Terrorism

Hadramaut forces steadfast amid al-Qaeda 'gang style' attacks

By Abu Bakr al-Yamani in Sanaa

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Yemeni forces patrol near a crater in the road in the Abyan provincial capital of Zinjibar on August 16th, following an offensive to recapture the city from al-Qaeda. [Saleh al-Obeidi/AFP]

After suffering a series of defeats in southern Yemen, al-Qaeda has carried out several attacks against the Hadramaut elite forces in what amounts to a desperate show of force, officials and experts tell Al-Mashareq.

On March 3rd, al-Qaeda elements attacked a security belt checkpoint in Hadramaut province's Khailat Bugshan, killing four soldiers and wounding one.

In a statement following the incident, the 2nd Military Zone command in Hadramaut described the attack as a reaction to the painful blows the elite forces had inflicted on the group.

In a subsequent attack, on March 15th, al-Qaeda gunmen fired rocket-propelled grenades (RPGs) at a security headquarters in al-Dliaah district of Hadramaut, wounding two soldiers, before fleeing the area.

"The two al-Qaeda attacks were actually carried out by scattered sleeper cells," Hadramaut deputy governor Abd al-Hadi al-Tamimi told Al-Mashareq.

Both were "gang-style" attacks in which there was no direct confrontation with the security forces, he said.

"The security circumstances put the Hadramaut elite forces front and centre and in al-Qaeda’s crosshairs in retaliation for their successes against al-Qaeda in Hadramaut ," al-Tamimi said.

The elite forces "liberated the city of al-Mukalla with backing from coalition forces and also took charge of security and pursuing al-Qaeda cells, which has led to the decline of the group", he added.

The security situation in coastal Hadramaut is better than it is in Hadramaut valley, al-Tamimi said, owing to the elite forces taking charge.

New security plan in Seiyun

"The local authority in Hadramaut valley has started implementing a new security plan in the city of Seiyun," he said.

This involves training former police officers and will subsequently be implemented in other Hadramaut valley districts, he said.

"These activities have not been publicised to prevent those personnel from being targeted," he said.

"The local authority is working to get security forces operational, because rebuilding state institutions requires strong security agencies of various specialisations," including counter-terrorism and riot control, he said.

The elite forces currently in charge of security will be merged into the national army when the war ends, he added, noting that rebuilding the security forces to complement the role of the army will enhance stability.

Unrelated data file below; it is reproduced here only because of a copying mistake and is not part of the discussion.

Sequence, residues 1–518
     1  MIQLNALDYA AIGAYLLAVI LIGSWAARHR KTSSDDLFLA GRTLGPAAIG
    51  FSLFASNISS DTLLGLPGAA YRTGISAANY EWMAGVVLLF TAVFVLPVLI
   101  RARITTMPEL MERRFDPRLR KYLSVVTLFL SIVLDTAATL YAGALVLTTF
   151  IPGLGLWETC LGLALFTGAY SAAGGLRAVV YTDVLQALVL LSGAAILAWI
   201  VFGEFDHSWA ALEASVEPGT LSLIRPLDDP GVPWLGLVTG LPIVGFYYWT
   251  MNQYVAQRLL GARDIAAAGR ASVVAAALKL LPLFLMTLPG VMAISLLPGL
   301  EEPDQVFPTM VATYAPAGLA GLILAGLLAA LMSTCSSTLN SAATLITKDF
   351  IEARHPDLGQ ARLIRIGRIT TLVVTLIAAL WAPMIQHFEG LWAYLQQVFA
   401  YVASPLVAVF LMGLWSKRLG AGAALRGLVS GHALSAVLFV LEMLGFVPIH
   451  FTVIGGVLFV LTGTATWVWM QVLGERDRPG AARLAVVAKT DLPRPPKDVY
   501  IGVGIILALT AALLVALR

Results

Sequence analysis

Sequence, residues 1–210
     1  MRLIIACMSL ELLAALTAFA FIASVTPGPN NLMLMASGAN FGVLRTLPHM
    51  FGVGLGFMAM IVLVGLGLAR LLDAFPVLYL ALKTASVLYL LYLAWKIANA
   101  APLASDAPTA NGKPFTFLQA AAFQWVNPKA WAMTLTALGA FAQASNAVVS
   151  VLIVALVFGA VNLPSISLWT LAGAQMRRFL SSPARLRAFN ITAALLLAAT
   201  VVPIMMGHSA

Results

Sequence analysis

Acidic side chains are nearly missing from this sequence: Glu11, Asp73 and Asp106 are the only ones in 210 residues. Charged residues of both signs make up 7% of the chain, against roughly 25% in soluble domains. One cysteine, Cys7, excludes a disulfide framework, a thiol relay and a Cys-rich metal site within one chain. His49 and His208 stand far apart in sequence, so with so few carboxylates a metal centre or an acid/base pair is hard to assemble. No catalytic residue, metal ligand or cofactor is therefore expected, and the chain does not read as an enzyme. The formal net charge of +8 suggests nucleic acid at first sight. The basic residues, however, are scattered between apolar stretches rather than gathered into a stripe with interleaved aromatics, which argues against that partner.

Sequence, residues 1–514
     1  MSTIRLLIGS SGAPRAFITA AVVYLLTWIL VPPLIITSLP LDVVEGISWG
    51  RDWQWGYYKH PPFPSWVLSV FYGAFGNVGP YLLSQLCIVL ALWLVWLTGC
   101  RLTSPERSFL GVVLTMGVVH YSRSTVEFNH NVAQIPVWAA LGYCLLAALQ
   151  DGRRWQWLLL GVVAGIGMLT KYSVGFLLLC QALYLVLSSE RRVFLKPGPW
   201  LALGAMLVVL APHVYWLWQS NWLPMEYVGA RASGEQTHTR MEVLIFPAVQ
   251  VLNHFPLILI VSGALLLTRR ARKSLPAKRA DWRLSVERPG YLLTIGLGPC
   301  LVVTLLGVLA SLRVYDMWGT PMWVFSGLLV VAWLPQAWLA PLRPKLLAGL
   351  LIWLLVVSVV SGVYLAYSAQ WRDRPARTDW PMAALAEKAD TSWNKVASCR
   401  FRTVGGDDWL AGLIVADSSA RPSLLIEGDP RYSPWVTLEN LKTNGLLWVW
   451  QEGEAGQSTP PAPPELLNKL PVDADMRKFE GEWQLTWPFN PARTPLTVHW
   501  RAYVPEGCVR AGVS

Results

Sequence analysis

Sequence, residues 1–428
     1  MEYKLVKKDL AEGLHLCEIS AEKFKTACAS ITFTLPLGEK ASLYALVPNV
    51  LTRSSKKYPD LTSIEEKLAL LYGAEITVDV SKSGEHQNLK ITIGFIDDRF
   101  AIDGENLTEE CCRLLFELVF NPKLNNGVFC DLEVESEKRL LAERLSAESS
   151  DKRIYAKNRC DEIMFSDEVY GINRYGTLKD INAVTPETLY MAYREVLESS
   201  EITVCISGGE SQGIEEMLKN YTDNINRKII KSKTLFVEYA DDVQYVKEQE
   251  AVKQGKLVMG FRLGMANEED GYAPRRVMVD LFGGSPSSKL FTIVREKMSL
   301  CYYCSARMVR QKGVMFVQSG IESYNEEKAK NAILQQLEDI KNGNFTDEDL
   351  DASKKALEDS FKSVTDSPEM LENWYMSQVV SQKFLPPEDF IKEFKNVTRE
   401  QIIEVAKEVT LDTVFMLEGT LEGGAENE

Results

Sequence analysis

It is clear that al-Qaeda has been targeting the Hadramaut elite forces "in an open war between the two sides", said media activist Fawzia Ben Breik.

Al-Qaeda is targeting the elite forces because they succeeded in ousting the group from al-Mukalla after it had controlled the city for over a year, she told Al-Mashareq.

Al-Qaeda setbacks

"Al-Qaeda is no longer strong due to the blows it was dealt in the southern provinces of Hadramaut, Shabwa, Abyan and elsewhere," Ben Breik said, adding that al-Qaeda's recent attacks were carried out by "hit and run" gangs.

The elite forces have been charting successes against al-Qaeda, she said, calling on them "to expand their presence to all Hadramaut valley districts and attack al-Qaeda cells outside the areas under its security control".

Expanding the area of operation into all of Hadramaut valley is critical to eradicating al-Qaeda and establishing security and stability in the province, she said.

With the two recent attacks in Hadramaut province, al-Qaeda sought to send a message that it is still capable of carrying out attacks despite the successive military blows it has suffered, said political affairs researcher Adnan al-Humairi.

The group is "on its last breath" as a result of its losses in Hadramaut, Abyan, Shabwa and al-Bayda provinces, which include the loss of many of its commanders, he told Al-Mashareq.

Al-Qaeda recently suffered several military and financial setbacks that forced it to withdraw rather than engage in direct confrontation in many areas it used to be able to control, such as Loder in Abyan and Azzan in Shabwa, he said.

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This isn’t al-Qaeda; al-Qaeda has no presence in Yemen. It’s the Jewish, Arabised Emirati organisation! Just understand, o, folk!

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